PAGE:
A new report by the Pew Research Center has provided more documentation on the growing popularity of audiobooks.
In a survey of 1,502 American adults conducted from January 8 to February 7 this year, Pew found that 20% of adults listened to an audiobook in the 12 months prior to the period in which the survey was conducted. In 2011, only 11% of adults said they listened to an audiobook.
The strongest gains have come since 2016—the dawning of the digital audiobooks age. The percentage of adults listening to audiobooks rose six percentage points between 2016 and the 2019 survey, after rising only three percentage points between 2011 and 2016. According to Pew, since 2018, college students and adults with household incomes over $75,000 are the two groups who have adopted listening to audiobooks the quickest.
The Pew survey also found that while listening to audiobooks has risen steadily since the 2016 survey, reading e-books had declined. Twenty-eight percent of adults reported reading an e-book in 2016—double the number who listen to audiobooks that year. By the most recent survey, e-books had only a 5% edge over audiobook usage.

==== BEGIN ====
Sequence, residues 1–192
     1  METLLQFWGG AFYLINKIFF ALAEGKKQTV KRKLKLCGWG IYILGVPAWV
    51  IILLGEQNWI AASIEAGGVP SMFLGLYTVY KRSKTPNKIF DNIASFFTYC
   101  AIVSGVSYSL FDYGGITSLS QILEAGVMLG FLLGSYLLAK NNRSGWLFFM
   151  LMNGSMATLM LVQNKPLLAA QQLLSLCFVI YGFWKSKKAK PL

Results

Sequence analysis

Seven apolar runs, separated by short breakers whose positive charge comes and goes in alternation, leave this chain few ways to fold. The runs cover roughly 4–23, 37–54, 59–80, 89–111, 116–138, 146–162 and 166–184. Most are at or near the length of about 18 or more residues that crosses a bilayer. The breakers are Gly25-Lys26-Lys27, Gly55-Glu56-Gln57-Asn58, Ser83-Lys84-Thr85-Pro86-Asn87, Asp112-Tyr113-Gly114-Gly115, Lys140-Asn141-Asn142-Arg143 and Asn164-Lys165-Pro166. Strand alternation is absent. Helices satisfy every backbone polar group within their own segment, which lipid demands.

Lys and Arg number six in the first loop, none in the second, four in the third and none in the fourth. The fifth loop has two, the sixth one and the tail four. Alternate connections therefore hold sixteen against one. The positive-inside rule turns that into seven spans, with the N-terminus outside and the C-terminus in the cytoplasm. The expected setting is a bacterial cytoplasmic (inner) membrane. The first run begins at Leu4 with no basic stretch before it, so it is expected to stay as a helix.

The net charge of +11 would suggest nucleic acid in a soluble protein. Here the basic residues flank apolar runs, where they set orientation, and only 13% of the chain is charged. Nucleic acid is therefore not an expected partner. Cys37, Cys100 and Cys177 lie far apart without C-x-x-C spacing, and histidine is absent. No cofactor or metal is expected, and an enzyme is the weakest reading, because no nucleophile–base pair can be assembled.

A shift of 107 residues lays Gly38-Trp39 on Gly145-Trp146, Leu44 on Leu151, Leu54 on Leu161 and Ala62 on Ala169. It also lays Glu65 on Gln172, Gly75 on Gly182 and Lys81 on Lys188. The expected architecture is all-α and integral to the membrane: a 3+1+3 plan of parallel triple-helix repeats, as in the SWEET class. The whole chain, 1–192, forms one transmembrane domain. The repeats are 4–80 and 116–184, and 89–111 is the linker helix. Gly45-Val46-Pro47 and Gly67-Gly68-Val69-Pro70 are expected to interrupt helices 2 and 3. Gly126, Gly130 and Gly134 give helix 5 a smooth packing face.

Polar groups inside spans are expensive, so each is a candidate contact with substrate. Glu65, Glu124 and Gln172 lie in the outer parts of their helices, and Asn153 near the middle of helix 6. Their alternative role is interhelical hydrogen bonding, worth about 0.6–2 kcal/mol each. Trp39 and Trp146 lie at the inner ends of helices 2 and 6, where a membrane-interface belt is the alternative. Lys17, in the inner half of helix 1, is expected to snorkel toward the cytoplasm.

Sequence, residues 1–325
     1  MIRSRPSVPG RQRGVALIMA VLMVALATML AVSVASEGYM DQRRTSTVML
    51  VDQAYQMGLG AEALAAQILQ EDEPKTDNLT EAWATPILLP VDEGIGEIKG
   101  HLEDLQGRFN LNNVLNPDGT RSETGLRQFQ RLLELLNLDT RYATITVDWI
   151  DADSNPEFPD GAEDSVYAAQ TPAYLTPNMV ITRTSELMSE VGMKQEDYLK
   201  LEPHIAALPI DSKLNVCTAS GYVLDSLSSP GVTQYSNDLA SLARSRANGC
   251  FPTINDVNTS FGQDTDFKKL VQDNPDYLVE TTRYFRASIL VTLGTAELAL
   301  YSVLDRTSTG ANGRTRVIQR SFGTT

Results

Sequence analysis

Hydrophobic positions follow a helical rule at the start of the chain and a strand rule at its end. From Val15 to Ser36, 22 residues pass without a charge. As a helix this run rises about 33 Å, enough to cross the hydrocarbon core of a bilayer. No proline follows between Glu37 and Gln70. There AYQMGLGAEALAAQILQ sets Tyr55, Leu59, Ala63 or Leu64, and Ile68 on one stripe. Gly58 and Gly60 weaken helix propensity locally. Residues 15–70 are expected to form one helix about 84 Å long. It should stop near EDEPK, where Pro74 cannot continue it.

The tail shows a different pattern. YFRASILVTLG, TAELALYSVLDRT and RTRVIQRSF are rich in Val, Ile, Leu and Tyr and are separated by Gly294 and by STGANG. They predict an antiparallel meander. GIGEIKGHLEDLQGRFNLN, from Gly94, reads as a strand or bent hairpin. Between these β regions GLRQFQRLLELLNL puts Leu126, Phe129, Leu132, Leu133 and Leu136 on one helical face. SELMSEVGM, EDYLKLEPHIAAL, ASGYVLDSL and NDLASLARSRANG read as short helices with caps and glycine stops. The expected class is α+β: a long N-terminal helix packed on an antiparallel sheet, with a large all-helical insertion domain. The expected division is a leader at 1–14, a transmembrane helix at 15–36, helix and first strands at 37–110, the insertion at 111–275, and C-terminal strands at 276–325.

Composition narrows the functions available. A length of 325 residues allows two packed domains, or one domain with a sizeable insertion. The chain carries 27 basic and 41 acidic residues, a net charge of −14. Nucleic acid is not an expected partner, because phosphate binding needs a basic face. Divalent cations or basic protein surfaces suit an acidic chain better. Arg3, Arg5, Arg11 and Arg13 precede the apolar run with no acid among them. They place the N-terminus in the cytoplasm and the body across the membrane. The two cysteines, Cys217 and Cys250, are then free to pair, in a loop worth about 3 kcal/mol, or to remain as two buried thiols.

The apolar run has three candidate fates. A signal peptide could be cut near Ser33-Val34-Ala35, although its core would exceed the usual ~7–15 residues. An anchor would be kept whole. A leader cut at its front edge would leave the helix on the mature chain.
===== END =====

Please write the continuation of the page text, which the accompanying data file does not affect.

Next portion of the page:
Overall, the Pew survey found a gradual reduction in the percentage of Americans who are reading. In 2011, 79% of those surveyed said they had read a book in the previous 12 months, a number that fell to 72% in early 2019. Print remained by far the book format of choice, with 65% or adults surveyed reporting that had read a print book within the last year, down from 71% in 2011.
The percentage of adult who read a book in any format fell from 79% in 2011 to 72% in 2019.